Cross-posted at Lawyers, Guns & Money

Putin’s Associates At The Long Table

The old Kremlinology was one thing – whether Khrushchev or Molotov was standing next to Stalin above Lenin’s tomb may have had meaning – but Vladimir Putin’s Kremlinology is something else.

Putin assures us that he is sitting at his long table next to Peter the Great and Alexander Nevsky, and it looks like Ivan the Terrible is there too. But Khrushchev and Molotov had a record we could (more or less) look at in terms of their climb to Kremlin power, and their other public dealings. The Soviet Union, indeed, was obscure in some ways, but what is important about Putin’s associates is what he thinks their roles and identities were. What he thinks is often at odds with what the rest of us know of history.

Most recently, Putin has invoked Peter the Great to justify a land grab against Ukraine but left out Peter’s opening to Europe. It’s clear that Putin is grabbing at the pieces of Russian history that he feels most comfortable with or that help him justify his war. We don’t know to what degree he believes any of this, nor do we know how much the people around him influence him.

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You Can’t Follow The Action Without A Score Card

Tomorrow (Thursday, June 9) at 8 pm Eastern Time, the January 6 Committee of the House of Representatives will hold its first prime-time hearing. They promise to put a complex story into context and to present new material.

I’ll admit that I have a hard time following it all. The broad outline seems clear: President Donald Trump and some of his supporters wanted to undo Joe Biden’s clear electoral victory by a combination of social unrest and hinky legal justifications. There is a cast, literally, of thousands.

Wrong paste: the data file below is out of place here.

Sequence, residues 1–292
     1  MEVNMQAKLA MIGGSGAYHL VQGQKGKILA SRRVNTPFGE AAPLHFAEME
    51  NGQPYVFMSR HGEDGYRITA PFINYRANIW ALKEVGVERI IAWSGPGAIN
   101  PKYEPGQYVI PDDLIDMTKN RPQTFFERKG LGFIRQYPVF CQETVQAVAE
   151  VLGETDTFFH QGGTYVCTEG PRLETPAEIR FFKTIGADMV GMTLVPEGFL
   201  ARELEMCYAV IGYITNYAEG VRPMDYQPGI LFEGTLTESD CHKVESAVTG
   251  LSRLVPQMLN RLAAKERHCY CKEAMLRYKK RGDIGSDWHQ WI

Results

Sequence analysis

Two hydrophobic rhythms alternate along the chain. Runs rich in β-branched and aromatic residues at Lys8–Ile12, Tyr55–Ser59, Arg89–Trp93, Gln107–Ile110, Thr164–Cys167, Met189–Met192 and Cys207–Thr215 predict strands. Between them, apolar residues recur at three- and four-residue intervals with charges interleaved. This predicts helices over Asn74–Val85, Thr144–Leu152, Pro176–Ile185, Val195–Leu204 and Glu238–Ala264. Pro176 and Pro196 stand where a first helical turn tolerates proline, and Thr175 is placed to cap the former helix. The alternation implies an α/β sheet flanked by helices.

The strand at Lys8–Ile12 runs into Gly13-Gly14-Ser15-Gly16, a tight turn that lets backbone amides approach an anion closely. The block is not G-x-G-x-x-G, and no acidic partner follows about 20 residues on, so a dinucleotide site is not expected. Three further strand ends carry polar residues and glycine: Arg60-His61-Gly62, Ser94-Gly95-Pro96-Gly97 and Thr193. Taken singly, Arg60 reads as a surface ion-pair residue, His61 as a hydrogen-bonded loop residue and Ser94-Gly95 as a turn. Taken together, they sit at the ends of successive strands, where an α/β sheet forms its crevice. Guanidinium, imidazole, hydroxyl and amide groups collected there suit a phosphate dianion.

The story has been coming out in unconnected pieces. One day we hear about a bizarre protester’s sentencing and behavior in court. The next, there is a dump of emails from one of the higher-up perpetrators or perhaps from a behind-the-scenes operative who I’ve never heard of. It’s the kind of thing that leads a person to stick different-colored notes on a board and connect them with yarn.

I haven’t had time to do that, so I hope that the committee has a good storyline prepared. JustSecurity has a scorecard. The Committee’s investigative teams are color-coded: Gold (pressure on local officials), Blue (law enforcement and intelligence agency failures), Purple (domestic extremist groups, QAnon, and online misinformation), Red (rally planners and Stop the Steal), and Green (following the money).

I hope that the committee does not present its findings in that format. The scorecard presents one page in each category with “What We Know” and “What To Look For” points. It’s worth a scan to help get your thoughts in order and perhaps as a checklist with which to follow the hearing. The committee has said little about what to expect, so this is as good as we’ve got now.

Dan Froomkin is not optimistic about how the media will cover the committee.

And, just to drop another unconnected piece on you, Rolling Stone has one on intelligence failures. We haven’t heard much about them, and they are central to the unprepared state of the police units that should have done better.

Cross-posted to Lawyers, Guns & Money

Seven Days In May

I have just finished reading Seven Days in May. This is the first time for me, and perhaps good that I can see it with fresh eyes.